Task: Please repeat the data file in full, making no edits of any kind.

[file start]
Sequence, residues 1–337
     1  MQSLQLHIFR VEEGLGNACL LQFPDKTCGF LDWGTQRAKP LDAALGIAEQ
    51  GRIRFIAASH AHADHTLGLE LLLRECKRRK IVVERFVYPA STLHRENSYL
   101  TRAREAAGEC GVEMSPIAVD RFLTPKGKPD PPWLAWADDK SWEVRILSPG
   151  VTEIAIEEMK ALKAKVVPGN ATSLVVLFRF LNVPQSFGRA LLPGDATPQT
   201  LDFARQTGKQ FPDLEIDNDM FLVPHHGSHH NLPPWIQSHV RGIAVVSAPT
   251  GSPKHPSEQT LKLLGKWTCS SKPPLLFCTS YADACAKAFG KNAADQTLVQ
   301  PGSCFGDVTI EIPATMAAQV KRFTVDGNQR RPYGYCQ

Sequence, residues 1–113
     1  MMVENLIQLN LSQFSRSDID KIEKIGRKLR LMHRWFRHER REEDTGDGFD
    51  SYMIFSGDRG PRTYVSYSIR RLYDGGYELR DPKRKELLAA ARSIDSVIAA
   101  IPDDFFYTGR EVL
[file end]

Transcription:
Sequence, residues 1–337
     1  MQSLQLHIFR VEEGLGNACL LQFPDKTCGF LDWGTQRAKP LDAALGIAEQ
    51  GRIRFIAASH AHADHTLGLE LLLRECKRRK IVVERFVYPA STLHRENSYL
   101  TRAREAAGEC GVEMSPIAVD RFLTPKGKPD PPWLAWADDK SWEVRILSPG
   151  VTEIAIEEMK ALKAKVVPGN ATSLVVLFRF LNVPQSFGRA LLPGDATPQT
   201  LDFARQTGKQ FPDLEIDNDM FLVPHHGSHH NLPPWIQSHV RGIAVVSAPT
   251  GSPKHPSEQT LKLLGKWTCS SKPPLLFCTS YADACAKAFG KNAADQTLVQ
   301  PGSCFGDVTI EIPATMAAQV KRFTVDGNQR RPYGYCQ

Sequence, residues 1–113
     1  MMVENLIQLN LSQFSRSDID KIEKIGRKLR LMHRWFRHER REEDTGDGFD
    51  SYMIFSGDRG PRTYVSYSIR RLYDGGYELR DPKRKELLAA ARSIDSVIAA
   101  IPDDFFYTGR EVL